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Effects of decision aids on the accuracy of patient knowledge of outcome probabilities: an investigation of sources of heterogeneity

Date and Location




Saturday 21 September 2013 - 10:30 - 12:00


Presenting author and contact person

Presenting author

Stephen Gentles

Contact person

Stephen Gentles
Abstract text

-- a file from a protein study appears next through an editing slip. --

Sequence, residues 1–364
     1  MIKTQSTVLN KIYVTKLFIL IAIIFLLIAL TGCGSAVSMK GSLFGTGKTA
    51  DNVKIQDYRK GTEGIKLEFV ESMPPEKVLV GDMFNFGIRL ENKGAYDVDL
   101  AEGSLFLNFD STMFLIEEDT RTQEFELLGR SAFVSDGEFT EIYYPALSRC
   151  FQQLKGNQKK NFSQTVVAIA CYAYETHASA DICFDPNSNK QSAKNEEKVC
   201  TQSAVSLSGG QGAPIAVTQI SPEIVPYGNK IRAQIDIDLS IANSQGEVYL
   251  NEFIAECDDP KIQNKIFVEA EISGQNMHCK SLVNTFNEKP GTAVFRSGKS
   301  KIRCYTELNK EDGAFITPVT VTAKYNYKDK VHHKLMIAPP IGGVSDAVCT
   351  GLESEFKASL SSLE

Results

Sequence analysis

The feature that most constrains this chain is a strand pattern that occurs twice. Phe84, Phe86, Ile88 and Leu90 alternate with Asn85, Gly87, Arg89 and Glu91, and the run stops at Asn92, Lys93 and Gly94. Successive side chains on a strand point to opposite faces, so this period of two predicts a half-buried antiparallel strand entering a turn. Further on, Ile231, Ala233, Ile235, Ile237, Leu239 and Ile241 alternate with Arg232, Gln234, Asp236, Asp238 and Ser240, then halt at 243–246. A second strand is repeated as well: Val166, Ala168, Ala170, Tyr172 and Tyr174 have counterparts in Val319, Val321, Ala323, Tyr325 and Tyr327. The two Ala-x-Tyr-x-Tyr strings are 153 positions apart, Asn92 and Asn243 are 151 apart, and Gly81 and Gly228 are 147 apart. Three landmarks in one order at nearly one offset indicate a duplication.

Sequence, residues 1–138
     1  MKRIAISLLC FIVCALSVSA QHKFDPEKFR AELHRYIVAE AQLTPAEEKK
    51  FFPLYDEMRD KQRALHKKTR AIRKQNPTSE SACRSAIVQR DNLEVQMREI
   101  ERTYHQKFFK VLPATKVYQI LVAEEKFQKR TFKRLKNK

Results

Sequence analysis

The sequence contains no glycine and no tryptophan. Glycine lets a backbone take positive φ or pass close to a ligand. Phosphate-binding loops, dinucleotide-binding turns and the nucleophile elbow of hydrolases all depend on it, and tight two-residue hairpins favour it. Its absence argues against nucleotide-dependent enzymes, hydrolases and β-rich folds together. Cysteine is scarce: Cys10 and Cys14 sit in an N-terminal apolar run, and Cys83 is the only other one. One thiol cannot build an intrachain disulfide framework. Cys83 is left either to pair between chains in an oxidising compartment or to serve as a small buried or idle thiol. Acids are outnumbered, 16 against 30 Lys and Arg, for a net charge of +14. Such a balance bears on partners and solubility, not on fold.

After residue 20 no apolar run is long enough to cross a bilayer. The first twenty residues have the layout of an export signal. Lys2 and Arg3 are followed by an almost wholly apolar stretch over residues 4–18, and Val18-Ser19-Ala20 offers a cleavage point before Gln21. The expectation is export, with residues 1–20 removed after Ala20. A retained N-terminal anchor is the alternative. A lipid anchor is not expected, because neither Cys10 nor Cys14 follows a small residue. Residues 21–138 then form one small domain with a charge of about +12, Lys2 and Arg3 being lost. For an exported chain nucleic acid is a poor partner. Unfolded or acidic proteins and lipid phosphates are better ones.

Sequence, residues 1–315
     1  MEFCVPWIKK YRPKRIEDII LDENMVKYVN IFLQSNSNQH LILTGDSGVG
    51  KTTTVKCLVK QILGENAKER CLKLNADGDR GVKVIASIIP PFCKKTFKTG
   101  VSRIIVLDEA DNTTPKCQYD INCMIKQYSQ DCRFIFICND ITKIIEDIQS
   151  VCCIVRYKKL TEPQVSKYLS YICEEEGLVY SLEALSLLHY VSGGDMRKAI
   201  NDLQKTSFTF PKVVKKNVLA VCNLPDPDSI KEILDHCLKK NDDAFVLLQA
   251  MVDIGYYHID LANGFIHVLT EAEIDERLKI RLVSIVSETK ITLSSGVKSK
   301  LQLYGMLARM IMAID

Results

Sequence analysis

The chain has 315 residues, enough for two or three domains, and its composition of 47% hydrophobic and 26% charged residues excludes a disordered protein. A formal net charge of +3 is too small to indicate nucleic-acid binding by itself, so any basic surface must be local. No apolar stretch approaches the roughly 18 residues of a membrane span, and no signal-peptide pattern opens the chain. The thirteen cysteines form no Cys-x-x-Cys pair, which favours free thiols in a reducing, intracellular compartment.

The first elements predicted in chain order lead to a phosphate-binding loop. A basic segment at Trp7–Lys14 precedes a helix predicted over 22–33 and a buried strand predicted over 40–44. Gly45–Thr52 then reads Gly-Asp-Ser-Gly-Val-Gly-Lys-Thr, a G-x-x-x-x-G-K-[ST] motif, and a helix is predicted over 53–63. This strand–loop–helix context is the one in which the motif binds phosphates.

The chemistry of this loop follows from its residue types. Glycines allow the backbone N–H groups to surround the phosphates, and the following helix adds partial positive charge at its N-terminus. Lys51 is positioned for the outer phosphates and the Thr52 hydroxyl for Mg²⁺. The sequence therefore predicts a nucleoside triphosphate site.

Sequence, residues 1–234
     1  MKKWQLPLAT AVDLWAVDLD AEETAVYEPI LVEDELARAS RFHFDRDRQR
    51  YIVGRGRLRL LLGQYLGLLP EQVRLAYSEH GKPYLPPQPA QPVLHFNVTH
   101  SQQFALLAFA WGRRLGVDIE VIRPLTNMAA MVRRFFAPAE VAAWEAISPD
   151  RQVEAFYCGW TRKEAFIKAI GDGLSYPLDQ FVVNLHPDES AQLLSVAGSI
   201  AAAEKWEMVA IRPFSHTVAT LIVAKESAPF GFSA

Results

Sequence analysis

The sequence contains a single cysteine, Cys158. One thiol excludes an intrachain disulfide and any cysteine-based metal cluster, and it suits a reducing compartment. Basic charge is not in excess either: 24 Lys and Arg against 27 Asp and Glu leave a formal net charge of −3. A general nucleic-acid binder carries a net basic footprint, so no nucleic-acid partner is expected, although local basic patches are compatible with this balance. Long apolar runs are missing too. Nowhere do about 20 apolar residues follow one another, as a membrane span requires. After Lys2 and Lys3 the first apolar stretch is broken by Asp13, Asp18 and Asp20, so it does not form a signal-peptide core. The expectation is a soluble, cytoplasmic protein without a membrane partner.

Background: Interpretation of prior meta-analysis of randomized controlled trials (RCTs) evaluating patient decision aid effects on the accuracy of knowledge of outcome probabilities is complicated by high, unexplained heterogeneity. Objectives: To explore effect modification from three possible sources of heterogeneity: the type of control intervention, decision aid quality, and patients’ baseline knowledge of probabilities. Methods: A sub-analysis of studies identified in the 2011 Cochrane review on decision aids for people facing treatment and screening decisions was conducted. Additional unpublished data were requested from relevant study authors to maximize the number of eligible studies. RCTs (to 2009) comparing decision aids with standardized probability information to control interventions (lacking such information), and assessing accuracy of patient knowledge of outcome probabilities were included. Proportions of patients in each group with accurate knowledge of outcome probabilities were converted to relative effect measures. Instrument quality was assessed using the IPDAS instrument. Results: Main effects analysis of 17 eligible studies confirmed decision aids significantly improve accuracy of patient knowledge of outcome probabilities (RR=1.80 [1.51, 2.16]), with substantial heterogeneity (87%). Meta-regression indicated the control event rate (CER, reflecting baseline knowledge) is a significant effect modifier (p = 0.001), with over half the variability in ln(OR) explained by the linear relationship with logit Control (R2 = 0.52); this relationship was slightly strengthened after correcting for dependence of the effect measure on CER. The decision aid quality measure suggests potential effect modification (p = 0.037) accounting for some variability (R2 = 0.28). Conclusions: Patients’ baseline rate of knowledge of outcome probabilities is an important variable explaining heterogeneity of decision aid effects on improving accuracy of this knowledge, with greater relative effects observed when patients’ baseline rate of knowledge is low. This may indicate that decision aids are most effective in populations with low awareness.